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For research to be ethically acceptable, the potential benefits must justify any risks involved for participants. Dissemination of research findings through publication is one way of creating benefit, but not all researchers intend to publish their research. Other factors, such as lack of size or representativeness, generalisability or innovativeness, or negative findings mean the research is unlikely to be published in a peer-reviewed medical journal.
This article was published in the following journal.
Name: Australian family physician
The internet is an increasingly popular tool in family and child research that is argued to pose new ethical challenges, yet few studies have systematically assessed the ethical issues of engaging par...
Although there have been numerous studies, especially in the last few decades, on the impact of child sexual abuse (CSA) on adult survivors, there is a dearth of studies focusing on the ethical aspect...
This article reports on a U.K. workshop on social media research ethics held in May 2018. There were 10 expert speakers and an audience of researchers, research ethics committee members, and research ...
We review topical evidence on ethical issues in conducting disaster research with children and families affected by natural disasters, with an emphasis on analyzing specific vulnerabilities associated...
The effectiveness of ethical leadership has been extensively investigated. However, compared to the outcomes of ethical leadership, we still lack enough knowledge about the mechanisms underlying ethic...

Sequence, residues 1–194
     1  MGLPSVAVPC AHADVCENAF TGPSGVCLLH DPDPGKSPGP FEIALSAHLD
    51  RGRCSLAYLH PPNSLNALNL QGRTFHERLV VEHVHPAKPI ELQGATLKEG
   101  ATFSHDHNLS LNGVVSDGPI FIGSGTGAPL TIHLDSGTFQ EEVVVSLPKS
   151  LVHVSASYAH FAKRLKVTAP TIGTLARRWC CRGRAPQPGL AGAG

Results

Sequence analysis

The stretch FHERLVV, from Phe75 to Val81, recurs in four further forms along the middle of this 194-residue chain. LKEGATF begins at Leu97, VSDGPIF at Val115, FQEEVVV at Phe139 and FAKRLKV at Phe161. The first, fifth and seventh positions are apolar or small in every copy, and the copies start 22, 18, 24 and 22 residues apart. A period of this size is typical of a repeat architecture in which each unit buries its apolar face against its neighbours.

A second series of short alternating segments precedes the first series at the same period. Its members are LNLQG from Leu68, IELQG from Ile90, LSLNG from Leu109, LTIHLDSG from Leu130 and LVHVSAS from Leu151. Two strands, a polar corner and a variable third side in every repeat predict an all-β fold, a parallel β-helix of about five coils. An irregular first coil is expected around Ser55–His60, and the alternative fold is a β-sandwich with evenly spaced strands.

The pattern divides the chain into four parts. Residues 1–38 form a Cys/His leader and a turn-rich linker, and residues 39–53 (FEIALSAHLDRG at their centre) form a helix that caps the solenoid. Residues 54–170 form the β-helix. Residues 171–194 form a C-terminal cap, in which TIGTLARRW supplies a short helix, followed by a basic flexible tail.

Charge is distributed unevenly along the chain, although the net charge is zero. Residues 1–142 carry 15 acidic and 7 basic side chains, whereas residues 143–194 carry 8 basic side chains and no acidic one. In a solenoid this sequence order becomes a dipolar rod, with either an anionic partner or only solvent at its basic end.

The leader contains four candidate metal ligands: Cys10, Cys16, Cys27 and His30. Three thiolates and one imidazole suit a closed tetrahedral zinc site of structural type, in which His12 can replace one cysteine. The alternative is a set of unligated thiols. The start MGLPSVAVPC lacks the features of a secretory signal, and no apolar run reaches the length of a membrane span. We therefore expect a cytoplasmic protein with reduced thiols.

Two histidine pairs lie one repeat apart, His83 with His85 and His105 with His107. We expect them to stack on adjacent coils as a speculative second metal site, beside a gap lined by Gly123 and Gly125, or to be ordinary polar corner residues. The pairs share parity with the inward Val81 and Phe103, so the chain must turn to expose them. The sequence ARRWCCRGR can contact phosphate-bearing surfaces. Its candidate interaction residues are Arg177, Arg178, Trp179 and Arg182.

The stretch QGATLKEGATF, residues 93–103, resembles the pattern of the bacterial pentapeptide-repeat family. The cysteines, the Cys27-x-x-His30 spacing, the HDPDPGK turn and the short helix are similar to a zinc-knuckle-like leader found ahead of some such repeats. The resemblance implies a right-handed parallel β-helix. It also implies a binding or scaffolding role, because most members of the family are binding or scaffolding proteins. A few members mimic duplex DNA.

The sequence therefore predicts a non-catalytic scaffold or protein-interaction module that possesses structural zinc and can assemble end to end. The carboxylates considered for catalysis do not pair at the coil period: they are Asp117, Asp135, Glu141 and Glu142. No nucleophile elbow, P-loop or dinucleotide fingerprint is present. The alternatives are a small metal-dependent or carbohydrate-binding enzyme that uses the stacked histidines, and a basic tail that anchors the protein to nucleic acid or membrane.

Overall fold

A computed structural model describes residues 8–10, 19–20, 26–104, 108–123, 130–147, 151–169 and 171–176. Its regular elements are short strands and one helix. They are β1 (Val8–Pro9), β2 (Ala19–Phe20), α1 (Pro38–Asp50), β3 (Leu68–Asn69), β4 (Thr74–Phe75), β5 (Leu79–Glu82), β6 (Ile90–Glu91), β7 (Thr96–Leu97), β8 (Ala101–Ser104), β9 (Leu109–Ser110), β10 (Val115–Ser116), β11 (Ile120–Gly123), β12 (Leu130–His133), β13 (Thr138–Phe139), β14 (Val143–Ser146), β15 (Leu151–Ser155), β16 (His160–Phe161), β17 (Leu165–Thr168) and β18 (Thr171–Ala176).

This study will describe which ethical dilemmas are experienced by anesthesiologist in the Dutch Healthcare system and what the current solving strategies are for these issues. Semi- struc...
The present study was a randomized control clinical trial, which included 90 subjects with chronic generalised gingivitis of age group 25-40 years, reporting to outpatient department of Pe...
The specific aims of this study were to assess whether letrozole as an aromatase inhibitor plus hCG or OT alone, or in combination compared with CC, improves ovarian response.Ethical ...
The Ethical, Legal and Social Issues Substudy in relation to the Genotype Tissue Expression Project (GTEx) aims to describe tissue requesters' approach to discussions about donation to GTE...
The ESA is currently preparing a guideline on the management of postoperative delirium (POD), which attempts to reduce the impact of postoperative delirium and provide recommendations for ...
A formal process of examination of patient care or research proposals for conformity with ethical standards. The review is usually conducted by an organized clinical or research ethics committee (CLINICAL ETHICS COMMITTEES or RESEARCH ETHICS COMMITTEES), sometimes by a subset of such a committee, an ad hoc group, or an individual ethicist (ETHICISTS).
Published pieces of paper or other material, usually printed on one side and intended to be read unfolded and usually intended to be posted, publicly distributed, or sold. (From Genre Terms: A Thesaurus for Use in Rare Book and Special Collections Cataloguing, 2d ed)
Works consisting of published pieces of paper or other material, usually printed on one side and intended to be read unfolded and usually intended to be posted, publicly distributed, or sold, e.g., proclamations, handbills, newssheets, etc. (From Genre Terms: A Thesaurus for Use in Rare Book and Special Collections Cataloguing, 2d ed)
The use of systematic methods of ethical examination, such as CASUISTRY or ETHICAL THEORY, in reasoning about moral problems.
Research that derives data from observation, interviews, or verbal interactions and focuses on the meanings and interpretations of the participants (From Holloway and Wheeler, "Ethical issues in qualitative nursing research," Nursing Ethics, 1995 Sep; 2(3): 223-232).